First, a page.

One of the most common choices that married couples make in regard to planning their estate is for each spouse to leave all assets to the other. Many couples feel that they have spent a lifetime working to build a base of assets and create financial stability, and they want that stability to pass directly to whichever partner survives the other. While this is an understandable approach, it is important the the proper steps are taken to ensure that this is the eventual outcome. Unfortunately, many Philadelphia families fail to create wills that would put their intention into writing.
In order to protect each other's financial security, married spouses must create clear and comprehensive wills that outline their final wishes. Otherwise, the rules of the state will dictate how assets are divided. This can mean that distant or even estranged relatives can end up with a significant portion of one's estate.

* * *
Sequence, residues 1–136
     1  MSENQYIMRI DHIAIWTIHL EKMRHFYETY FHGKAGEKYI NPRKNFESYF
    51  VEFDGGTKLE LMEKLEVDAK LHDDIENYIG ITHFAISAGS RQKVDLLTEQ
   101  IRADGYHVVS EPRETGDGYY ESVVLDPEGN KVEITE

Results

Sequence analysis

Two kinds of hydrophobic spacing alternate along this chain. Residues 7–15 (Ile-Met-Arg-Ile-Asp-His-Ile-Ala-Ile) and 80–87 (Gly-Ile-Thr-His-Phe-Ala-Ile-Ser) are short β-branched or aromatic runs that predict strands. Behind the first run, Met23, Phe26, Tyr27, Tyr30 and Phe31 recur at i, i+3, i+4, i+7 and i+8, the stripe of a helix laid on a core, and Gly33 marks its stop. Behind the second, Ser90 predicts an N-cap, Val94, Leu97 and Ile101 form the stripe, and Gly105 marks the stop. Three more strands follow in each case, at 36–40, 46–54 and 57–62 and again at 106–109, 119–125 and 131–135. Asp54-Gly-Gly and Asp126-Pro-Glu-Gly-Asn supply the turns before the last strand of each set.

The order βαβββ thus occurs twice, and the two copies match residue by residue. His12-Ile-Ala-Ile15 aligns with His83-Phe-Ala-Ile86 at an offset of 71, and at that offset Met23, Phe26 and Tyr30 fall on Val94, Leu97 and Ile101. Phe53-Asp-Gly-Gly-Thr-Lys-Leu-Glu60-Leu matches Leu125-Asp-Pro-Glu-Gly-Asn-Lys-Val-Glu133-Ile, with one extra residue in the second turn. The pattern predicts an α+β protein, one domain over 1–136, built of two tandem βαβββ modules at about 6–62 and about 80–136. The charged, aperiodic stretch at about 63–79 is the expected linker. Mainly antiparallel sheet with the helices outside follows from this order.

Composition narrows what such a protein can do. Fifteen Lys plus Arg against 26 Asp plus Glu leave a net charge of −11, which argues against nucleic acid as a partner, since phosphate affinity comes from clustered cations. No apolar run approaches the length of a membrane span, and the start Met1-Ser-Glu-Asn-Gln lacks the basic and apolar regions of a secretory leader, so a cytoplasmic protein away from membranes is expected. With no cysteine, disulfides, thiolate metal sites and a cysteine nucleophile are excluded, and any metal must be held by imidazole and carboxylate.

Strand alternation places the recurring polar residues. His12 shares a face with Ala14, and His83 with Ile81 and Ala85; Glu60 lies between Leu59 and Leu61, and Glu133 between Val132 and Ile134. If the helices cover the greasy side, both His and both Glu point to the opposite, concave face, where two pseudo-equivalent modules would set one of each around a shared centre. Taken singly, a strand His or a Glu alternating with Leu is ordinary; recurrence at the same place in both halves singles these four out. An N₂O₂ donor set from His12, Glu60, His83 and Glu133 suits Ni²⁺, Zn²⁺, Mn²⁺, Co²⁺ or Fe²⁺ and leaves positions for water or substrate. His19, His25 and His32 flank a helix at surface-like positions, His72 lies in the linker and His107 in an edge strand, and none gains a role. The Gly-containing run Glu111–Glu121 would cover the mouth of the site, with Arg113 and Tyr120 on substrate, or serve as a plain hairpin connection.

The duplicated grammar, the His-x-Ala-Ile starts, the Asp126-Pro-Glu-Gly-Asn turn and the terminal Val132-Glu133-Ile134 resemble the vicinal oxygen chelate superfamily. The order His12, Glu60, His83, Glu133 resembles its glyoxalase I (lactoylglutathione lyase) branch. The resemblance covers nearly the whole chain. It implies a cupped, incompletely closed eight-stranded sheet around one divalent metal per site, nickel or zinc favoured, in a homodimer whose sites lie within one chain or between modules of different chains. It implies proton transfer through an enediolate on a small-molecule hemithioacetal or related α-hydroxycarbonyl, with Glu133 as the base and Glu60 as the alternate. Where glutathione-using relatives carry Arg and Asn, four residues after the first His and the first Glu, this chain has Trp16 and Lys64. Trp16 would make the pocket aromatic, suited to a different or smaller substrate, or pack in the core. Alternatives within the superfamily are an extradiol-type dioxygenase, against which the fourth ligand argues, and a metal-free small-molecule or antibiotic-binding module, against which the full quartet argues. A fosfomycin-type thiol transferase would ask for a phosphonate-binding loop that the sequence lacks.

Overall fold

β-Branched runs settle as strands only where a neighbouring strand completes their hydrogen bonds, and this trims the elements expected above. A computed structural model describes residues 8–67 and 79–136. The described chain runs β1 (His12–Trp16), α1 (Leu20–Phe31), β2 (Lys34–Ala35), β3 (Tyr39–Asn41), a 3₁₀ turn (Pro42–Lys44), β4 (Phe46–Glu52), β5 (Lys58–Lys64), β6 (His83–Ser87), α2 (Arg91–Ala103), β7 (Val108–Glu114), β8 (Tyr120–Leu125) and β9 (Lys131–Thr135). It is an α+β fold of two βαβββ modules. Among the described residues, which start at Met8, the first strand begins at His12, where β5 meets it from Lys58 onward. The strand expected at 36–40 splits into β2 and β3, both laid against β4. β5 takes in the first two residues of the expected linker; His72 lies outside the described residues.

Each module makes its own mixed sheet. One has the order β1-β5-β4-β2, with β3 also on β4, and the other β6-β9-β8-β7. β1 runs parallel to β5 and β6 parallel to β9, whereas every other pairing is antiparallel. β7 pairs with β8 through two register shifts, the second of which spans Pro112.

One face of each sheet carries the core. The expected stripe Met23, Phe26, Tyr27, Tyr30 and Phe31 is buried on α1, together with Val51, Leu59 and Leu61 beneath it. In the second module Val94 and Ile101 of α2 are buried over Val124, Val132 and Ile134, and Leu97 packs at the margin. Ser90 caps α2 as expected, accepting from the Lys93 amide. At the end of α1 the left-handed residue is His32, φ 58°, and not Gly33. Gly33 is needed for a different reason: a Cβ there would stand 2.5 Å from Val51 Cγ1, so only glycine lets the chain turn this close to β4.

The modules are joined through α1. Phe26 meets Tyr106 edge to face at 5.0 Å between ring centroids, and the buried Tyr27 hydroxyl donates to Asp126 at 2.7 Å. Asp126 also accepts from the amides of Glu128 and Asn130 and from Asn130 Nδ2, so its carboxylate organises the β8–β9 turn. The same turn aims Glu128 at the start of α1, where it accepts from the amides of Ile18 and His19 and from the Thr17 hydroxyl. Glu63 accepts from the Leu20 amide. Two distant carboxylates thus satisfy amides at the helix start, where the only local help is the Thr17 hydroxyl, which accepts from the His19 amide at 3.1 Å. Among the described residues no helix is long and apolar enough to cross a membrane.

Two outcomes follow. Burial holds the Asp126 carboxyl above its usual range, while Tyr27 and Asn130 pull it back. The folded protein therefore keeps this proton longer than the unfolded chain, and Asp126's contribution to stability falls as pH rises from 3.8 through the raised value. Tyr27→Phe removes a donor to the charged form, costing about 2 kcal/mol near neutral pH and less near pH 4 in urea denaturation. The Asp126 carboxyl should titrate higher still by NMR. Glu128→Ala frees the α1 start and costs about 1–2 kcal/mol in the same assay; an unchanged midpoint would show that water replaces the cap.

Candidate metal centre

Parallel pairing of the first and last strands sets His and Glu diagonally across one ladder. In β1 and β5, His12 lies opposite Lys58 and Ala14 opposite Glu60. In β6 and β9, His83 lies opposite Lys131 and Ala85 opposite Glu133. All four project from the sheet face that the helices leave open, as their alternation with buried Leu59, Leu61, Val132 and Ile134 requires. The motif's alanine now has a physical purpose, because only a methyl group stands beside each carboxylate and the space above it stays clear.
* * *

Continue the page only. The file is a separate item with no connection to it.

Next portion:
This is especially true in cases where one or both spouses have children from a previous marriage. State law considers children to be heirs, and will include all children in the probate process. This can mean that an adult child who no longer has any ties to a family could inherit. It also means that children under the age of 18 can inherit assets that will be held in trust. Once they reach adulthood, all of their inheritance will be made available to them, which is not always a positive development.
Creating a set of wills is not the arduous chore that many believe it to be. It is possible to come up with a basic legal plan under which assets pass from one spouse to the other. In addition, an estate planning attorney can work with a Philadelphia couple to determine if there are any other needs or desires related to the family's wealth, and can help find ways to make those goals into reality.
Source: washingtonblade.com, "Myths of estate planning", Lawrence S. Jacobs, May 28, 2016